• Then the children become teenagers, where the bulk of the story takes place.  Having known them for years now, I felt completely at home in their heads.  Lada is cold, bitter, a ruthless protector of the little she holds dear.  I met her at a difficult time in my life and I ached for her.  She's not the cliche soft-hearted lass in a case of stone. She's stone, through and through.  I loved that White didn't take that out.  Lada does have softness, enough to feel love and loyalty, but it's a softness she fears, doesn't understand, an embattled softness always forced aside.  On the other hand, Radu is all softness, fragility and compassion and wonder--yet time and heartbreak forges steel in him, even as it tempers Lada's iron.  

                • Between them is Mehmed, beloved by both, friend and protector, cocksure but also deeply insecure, and lonely.  Surrounding them are other characters painted in the most exact detail, people who feel dredged up from history, but these three are the center, the core.  The relationships between them evolve into a complex web that entangles and endangers all three hearts.  White spins a gorgeous drama, romantic and quasi-familial, that at more than one time had me racing through pages, steeling myself against foreshadowed pain, desperate to see them happy and mended.  In many ways, they each carried parts of me with them through the story, so vivid are they in White's telling.  

                • White isn't kind to her characters, and it's just as well.  Theirs is a hard world.  Mehmed is the Sultan's heir, thrown callously and too-young into power.  Lada is the eternal exile, thirsting for Wallachia even as she forms reluctant, inescapable ties in the empire.  Radu is the convert, finding strength in the beauty of Islam and the comforts of a new home that embraces him as his father never did.  Surrounding these individual threads are the machinations of power, civil war in the Slavic states, rumblings of rebellion and intrigue in the empire, forces that toss Lada, Radu, and Mehmed cruelly and indifferently.  I don't say this lightly, but in scope and power it reminds me of Dumas, of old romances and epics.  

                • If you want a quick, light read, look elsewhere.  If you want something dense, gorgeous, soul-wrenching and intricate, then buy this book, immediately.  And I Darken is a vast endeavor, a lush drama entwining a rarely elucidated corner of history with the hearts of three young people.  It's the kind of book that brings to mind epic movie scores, hard and glittering wave-swept clifftops, ceaseless battle cries.  It's the kind of book that reverberates beyond the last page and makes you ache with every cut, every heartbreak, and somehow by the end, it's too short.  I need more.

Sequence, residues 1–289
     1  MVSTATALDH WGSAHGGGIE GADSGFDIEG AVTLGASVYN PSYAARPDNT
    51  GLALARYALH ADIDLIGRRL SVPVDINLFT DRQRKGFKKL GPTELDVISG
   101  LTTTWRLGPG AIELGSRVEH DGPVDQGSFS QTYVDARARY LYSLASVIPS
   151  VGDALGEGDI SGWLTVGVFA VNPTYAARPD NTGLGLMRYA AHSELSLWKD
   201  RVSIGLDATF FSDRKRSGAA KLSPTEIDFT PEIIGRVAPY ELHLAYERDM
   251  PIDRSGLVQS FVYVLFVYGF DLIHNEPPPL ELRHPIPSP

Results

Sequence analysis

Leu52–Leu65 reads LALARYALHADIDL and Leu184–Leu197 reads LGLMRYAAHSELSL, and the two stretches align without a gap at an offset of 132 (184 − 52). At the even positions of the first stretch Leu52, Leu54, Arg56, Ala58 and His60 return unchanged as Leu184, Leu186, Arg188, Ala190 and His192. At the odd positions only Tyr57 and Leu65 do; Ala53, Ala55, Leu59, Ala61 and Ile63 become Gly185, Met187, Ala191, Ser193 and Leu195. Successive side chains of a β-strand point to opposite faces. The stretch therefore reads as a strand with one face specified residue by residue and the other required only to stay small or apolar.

in a sentence

                And I Darken is a masterpiece of historical fiction, a glittering, sweeping epic of a book that carves out a permanent place for Lada and Radu in the minds of its readers.  


                will i read this author again?  I guess I'll just read everything she's ever written while I wait for book two.  
                will i continue the series?  I needed it like, yesterday.  

                Note: I received this copy in exchange for a review. The price of the book and its origin in no way affected my stated opinions.


                Blog Tour: Giveaway: ARC Review: Poisoned Blade by Kate Elliott

                review         book

                I'll Meet You Theretitle: Poisoned Blade
                author: Kate Elliott
                rating: 5/5 (from hated to loved) or 8/10 (all books I've ever read)
                recommended for: Fans of Game of Thrones, Legacy of Kings by Eleanor Herman, and other sweeping, quasi-historical fantasy.